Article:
According to Nishant Singhal, director (strategy and alliances) at Investors Clinic, a real estate consulting company, there could not be a better time. With developers slowly cutting prices and plenty of subvention schemes on offer, buying a house is a smart option. "With developers desperate to sell, buyers can bargain and get the right price. Prices haven't been so low in the last 15-20 years," he says. Singhal also feels that the freebie schemes have already struck a chord with buyers and are doing well.
R K Arora, chairman, Supertech, says that the "buy one get one free" offer has been received warmly, increasing cash flow and giving a much needed boost to his company's sales volume. "After the formation of the new government, the buyer sentiment has turned positive and the number of queries for such projects has gone up," says Arora.
However, K K Setia of Intown Realtors, a property consultancy based in Noida, disagrees. "The response to these schemes has been lukewarm. Properties are already overpriced and the buyers are smart enough to know that," says Setia. "If you want to buy a house and immediately move in, then it makes sense. But buying a property merely for investment is not a wise choice because the market is not expected to pick up anytime soon." Demand is slow and prices will only shoot up once developers have cleared large unsold inventory. Also, the rental yield on residential property is low and one would have to hold on to a property for a longer period to garner returns.
Heading into 2015, developers were staring at unsold inventory of 39 months across all major metros. Mumbai and Delhi-NCR topped that list with unsold inventory of 55 and 51 months, respectively. Anuj Puri, chairman and country head, Jones Lang LaSalle India, feels that sales can only improve if developers become more earnest about right-sizing and right-pricing their offerings. "Only selective corrections in some of the over-priced cities will help bring about faster sales for stagnated supply," says Puri. As for freebies, Puri is quick to warn that these offers will work only as long as they translate into clear financial savings for buyers, and as long as the property in question is priced right. Freebies will not work to help move overpriced units.
However, prices across the country are not likely to fall any further. While there is renewed optimism due to a stable government in place and its "business-friendly" approach, increase in service tax announced in the Budget and high input costs will hamper price correction. These increased costs will be passed on to the buyer. Moreover, margins continue to remain low for most developers.
While there is a slight upswing in the sale of housing units, mainly due to lower rates and attractive offers, the two most premium real estate markets in the country - Gurgaon and Mumbai - have seen a marginal increase in prices this year. According to Liases Foras, a private ratings and research agency, Mumbai saw a rise of 21 per cent in unsold inventory last year. Yet, prices in the Mumbai Metropolitan Region, curiously, went up 10 per cent. "Mumbai, compared to all other metros, has done better in terms of sales in the last couple of years. But developers must realise that offering freebies is not enough. The prices must be realistic," says Pankaj Kapoor, managing director, Liases Foras.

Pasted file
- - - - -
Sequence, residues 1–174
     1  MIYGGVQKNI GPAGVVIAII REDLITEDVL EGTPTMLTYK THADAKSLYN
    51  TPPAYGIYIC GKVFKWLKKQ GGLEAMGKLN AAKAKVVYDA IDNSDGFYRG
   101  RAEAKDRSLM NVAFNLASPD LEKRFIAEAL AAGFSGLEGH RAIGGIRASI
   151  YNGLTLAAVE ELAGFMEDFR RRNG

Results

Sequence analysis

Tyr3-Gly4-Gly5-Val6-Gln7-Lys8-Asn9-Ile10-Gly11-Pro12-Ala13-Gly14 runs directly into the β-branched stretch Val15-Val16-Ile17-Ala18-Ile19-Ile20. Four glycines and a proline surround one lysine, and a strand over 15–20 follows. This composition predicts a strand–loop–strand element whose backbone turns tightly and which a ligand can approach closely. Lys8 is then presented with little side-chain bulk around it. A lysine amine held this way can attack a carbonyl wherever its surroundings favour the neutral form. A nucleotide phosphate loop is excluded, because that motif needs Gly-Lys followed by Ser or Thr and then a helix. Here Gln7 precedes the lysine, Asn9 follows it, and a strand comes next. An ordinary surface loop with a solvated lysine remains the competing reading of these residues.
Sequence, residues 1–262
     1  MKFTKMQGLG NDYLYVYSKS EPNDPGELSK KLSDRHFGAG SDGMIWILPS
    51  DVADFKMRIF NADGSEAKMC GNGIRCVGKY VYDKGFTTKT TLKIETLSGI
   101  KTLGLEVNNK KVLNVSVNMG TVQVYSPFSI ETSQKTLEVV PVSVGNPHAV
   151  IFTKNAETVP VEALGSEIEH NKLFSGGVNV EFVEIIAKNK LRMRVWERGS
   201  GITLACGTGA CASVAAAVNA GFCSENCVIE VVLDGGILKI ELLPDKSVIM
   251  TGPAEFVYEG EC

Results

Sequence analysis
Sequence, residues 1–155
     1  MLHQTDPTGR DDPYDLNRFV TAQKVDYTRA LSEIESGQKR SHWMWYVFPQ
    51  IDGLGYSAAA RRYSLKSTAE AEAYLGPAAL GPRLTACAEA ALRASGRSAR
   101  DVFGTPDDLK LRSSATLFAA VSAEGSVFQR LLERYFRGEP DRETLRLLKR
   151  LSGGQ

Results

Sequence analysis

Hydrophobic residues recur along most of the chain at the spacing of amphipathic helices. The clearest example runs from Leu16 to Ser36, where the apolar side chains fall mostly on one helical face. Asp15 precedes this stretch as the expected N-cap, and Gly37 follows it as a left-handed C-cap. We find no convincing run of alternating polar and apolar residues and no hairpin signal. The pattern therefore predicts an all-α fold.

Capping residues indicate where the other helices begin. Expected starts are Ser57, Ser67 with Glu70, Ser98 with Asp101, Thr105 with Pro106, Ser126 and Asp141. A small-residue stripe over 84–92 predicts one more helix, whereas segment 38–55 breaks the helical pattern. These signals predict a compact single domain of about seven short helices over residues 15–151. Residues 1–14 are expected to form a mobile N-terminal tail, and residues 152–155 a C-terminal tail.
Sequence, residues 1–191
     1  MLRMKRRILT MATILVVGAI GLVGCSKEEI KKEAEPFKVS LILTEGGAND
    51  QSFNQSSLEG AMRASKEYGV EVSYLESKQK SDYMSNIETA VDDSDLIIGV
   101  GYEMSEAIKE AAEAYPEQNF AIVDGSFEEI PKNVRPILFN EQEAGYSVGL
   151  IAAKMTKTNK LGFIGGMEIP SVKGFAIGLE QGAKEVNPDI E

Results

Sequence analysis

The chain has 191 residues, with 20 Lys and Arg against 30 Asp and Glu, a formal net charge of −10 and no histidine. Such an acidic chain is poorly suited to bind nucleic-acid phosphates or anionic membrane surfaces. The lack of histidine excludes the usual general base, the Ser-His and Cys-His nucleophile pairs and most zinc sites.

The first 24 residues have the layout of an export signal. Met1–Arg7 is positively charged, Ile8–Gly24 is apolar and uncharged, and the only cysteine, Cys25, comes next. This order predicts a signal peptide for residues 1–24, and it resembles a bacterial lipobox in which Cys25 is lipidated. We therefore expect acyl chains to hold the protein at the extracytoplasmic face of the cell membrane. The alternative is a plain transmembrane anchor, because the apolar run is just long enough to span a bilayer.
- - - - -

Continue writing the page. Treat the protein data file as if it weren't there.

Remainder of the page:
According to Kapoor, Borivali and Kandivali are the only two areas in Mumbai offering reasonable prices. "At Rs 3,000-4,000 per sq ft, these two destinations are ideal if you're looking at a small house. It is a good investment," he says. However, he is quick to point out that reducing prices is the only way forward for developers. "There is no better way of stimulating demand," he says.
In Bengaluru, the hottest property destinations are Whitefield and Horamavu. A bustling information technology hub, the demand for mid-size houses in the garden city has seen a steady increase. Experts feel that there are buyers in the city who have been studying the market for suitable options for a while and know what they want, but are waiting for the right mix of factors to help them make the final decision.
The Reserve Bank of India's decision to cut the repo rate - the rate at which it lends to commercial banks - will lead to lower equated monthly instalments on home loans, making houses more affordable. More important, developers are most likely to withdraw discounts and schemes once sales start improving. So the time to buy seems just right. "Prices will more or less remain stagnant for the next two years. If you can find a house that comes with a good location, then you should not be thinking twice before buying," says Kapoor. However, buyers must guard against project delays and not invest in properties that do not have requisite clearances.
WHAT'S ON OFFER?
Supertech, at its Capetown project in Sector 74 in Noida (below), is offering buyers of its top floors a free studio apartment in Golf Village on the Yamuna Expressway. Luxury apartments at Ambience Group's Caitriona project in Gurgaon are available with a cashback of Rs 16 lakh
A free modular kitchen is on offer with the purchase of each apartment at Salarpuria Sattva Group's Cadenza and Greenage projects. Nitesh Estates is offering cash discounts on some of its projects
The Lodha Group recently organised a flash sale at its Lodha Grandezza project in Thane, offering flats at Rs 8,000 per sq ft, down by more than Rs 3,000 per sq ft
Siddha Group and Eden Realty are offering free cars on the purchase of each flat